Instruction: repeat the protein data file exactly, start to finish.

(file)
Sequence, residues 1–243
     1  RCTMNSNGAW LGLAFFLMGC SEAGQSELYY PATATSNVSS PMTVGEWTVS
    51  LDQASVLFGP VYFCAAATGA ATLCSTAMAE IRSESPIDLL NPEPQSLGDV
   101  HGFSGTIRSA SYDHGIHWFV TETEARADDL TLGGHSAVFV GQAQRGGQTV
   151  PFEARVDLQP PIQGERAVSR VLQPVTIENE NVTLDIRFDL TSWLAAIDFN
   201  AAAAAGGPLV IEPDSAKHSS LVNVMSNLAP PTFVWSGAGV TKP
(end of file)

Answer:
Sequence, residues 1–243
     1  RCTMNSNGAW LGLAFFLMGC SEAGQSELYY PATATSNVSS PMTVGEWTVS
    51  LDQASVLFGP VYFCAAATGA ATLCSTAMAE IRSESPIDLL NPEPQSLGDV
   101  HGFSGTIRSA SYDHGIHWFV TETEARADDL TLGGHSAVFV GQAQRGGQTV
   151  PFEARVDLQP PIQGERAVSR VLQPVTIENE NVTLDIRFDL TSWLAAIDFN
   201  AAAAAGGPLV IEPDSAKHSS LVNVMSNLAP PTFVWSGAGV TKP